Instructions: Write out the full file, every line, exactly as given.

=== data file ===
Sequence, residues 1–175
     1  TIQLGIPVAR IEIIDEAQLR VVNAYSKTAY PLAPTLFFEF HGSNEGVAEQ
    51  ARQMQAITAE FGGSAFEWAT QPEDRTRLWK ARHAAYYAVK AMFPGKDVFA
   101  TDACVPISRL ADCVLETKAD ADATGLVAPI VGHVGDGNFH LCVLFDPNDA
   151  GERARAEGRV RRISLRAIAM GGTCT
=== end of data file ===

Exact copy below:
Sequence, residues 1–175
     1  TIQLGIPVAR IEIIDEAQLR VVNAYSKTAY PLAPTLFFEF HGSNEGVAEQ
    51  ARQMQAITAE FGGSAFEWAT QPEDRTRLWK ARHAAYYAVK AMFPGKDVFA
   101  TDACVPISRL ADCVLETKAD ADATGLVAPI VGHVGDGNFH LCVLFDPNDA
   151  GERARAEGRV RRISLRAIAM GGTCT